News Releases

FWC Applauds Orange County for Working to Reduce Conflicts with Bears

News Release

Tuesday, November 01, 2016

Photos available on FWC’s Flickr site External Website.          

Today, the Florida Fish and Wildlife Conservation Commission (FWC) commended Orange County for unanimously approving an ordinance that will help reduce human-bear conflicts in neighborhoods in the northern portion of the county. The ordinance requires residents to secure garbage and encourages the use of bear-resistant trash cans. Unsecured trash, and other attractants, are the number one cause for humans coming into contact with bears. This summer, FWC researchers, in partnership with the University of Tennessee, employed cutting edge modeling to confirm that Florida’s robust black bear population is estimated to be over 4,000 bears. More bears in Florida means more chances for human-bear interaction, which can be dangerous.

“In order to reduce bear conflicts across the state, our agency must rely on the important partnerships that we have built with local communities,” said FWC Executive Director Nick Wiley. “Thank you to the Orange County Commission for taking this very meaningful step to help reduce the potential for human-bear conflicts. The FWC will continue to inform Floridians on how to best avoid coming into contact with a bear.”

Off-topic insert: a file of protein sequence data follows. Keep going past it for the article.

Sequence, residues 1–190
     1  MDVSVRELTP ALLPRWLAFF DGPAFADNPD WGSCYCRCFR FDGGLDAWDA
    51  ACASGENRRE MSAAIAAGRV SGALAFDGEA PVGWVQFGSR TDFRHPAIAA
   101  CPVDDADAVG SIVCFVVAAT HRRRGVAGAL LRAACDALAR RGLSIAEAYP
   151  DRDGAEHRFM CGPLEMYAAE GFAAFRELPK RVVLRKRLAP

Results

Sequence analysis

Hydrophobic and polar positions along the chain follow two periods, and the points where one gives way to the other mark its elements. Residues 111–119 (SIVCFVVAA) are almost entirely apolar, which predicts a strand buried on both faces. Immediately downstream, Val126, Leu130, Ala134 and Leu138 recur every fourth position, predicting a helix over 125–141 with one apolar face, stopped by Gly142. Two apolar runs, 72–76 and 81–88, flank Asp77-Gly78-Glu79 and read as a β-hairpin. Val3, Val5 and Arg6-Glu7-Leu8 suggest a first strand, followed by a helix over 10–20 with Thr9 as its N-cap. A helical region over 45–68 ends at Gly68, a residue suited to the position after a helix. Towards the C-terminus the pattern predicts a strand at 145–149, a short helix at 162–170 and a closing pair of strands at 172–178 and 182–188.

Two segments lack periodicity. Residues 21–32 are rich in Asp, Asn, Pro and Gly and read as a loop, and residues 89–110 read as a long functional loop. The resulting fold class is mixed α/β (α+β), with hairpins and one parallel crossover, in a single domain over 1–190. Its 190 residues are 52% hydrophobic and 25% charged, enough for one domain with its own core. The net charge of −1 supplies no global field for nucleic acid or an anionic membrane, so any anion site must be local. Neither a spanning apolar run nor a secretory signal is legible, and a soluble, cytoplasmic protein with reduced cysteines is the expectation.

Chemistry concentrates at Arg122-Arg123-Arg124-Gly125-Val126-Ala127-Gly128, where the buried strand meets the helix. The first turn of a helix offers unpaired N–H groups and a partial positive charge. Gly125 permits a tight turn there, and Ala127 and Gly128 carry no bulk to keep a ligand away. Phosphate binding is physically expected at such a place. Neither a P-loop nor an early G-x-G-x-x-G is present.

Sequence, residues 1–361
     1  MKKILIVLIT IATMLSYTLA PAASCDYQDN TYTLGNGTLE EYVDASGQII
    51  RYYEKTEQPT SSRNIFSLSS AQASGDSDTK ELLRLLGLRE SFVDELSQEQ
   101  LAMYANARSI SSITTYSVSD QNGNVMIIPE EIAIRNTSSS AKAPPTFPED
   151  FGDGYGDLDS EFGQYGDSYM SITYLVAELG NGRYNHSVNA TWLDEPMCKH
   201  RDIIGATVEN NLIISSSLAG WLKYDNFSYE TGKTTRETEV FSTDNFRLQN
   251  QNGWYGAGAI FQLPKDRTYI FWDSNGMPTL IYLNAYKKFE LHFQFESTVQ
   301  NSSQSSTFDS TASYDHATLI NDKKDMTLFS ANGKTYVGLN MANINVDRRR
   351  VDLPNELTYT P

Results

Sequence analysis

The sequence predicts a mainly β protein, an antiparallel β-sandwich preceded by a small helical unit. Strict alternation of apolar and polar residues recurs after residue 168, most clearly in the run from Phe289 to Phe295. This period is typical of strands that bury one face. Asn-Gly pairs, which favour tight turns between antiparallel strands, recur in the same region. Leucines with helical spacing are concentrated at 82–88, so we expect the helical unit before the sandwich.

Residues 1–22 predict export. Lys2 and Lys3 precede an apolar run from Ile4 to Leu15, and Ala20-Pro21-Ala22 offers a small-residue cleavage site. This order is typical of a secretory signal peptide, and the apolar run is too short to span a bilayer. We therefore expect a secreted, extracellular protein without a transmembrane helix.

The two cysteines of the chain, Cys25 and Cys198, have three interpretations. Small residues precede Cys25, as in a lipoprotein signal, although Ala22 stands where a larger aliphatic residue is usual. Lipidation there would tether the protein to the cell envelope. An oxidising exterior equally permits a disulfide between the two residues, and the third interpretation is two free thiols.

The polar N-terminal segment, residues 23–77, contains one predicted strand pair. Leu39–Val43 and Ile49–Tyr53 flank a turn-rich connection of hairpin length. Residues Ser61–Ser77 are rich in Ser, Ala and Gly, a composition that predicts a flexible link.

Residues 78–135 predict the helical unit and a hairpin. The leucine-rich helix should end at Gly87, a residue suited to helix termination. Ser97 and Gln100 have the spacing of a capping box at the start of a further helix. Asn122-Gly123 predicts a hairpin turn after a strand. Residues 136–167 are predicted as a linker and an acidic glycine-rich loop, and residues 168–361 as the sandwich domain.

The FWC passed a unanimous resolution in June 2015 encouraging counties, municipalities and homeowners associations to develop ordinances or bylaws that require garbage to be secured from bears. The resolution directed FWC staff to provide technical assistance to local governments and homeowners associations, including model ordinances.

Orange County’s new trash ordinance is similar to ones already passed by Seminole, Lake and Santa Rosa counties. Rules requiring trash to be kept secure have also been passed by the City of Fort Walton Beach and Hurlburt Air Field in Okaloosa County, Wingfield North, Wingfield Reserve, and Springs Landing homeowner’s associations in Seminole County, and Cypress Dunes homeowner’s association in Walton County. The FWC continues to work with communities with bear populations to adopt “BearWise” policies. “BearWise” communities commit to learning to coexist with bears, knowing when and how to report bear activity, and securing all potential food sources.

To ensure Floridians have the resources necessary to properly secure their garbage, the FWC is currently working to distribute $825,000 to communities to become more “BearWise” by providing bear-resistant equipment and other methods to reduce conflicts. These efforts are in addition to the agency’s existing program of over a hundred staff who work year-round to educate people about bears and respond to human-bear conflicts.

To learn how to become BearWise, visit MyFWC.com/Bear and click on “BearWise Communities” on the left side of the page.



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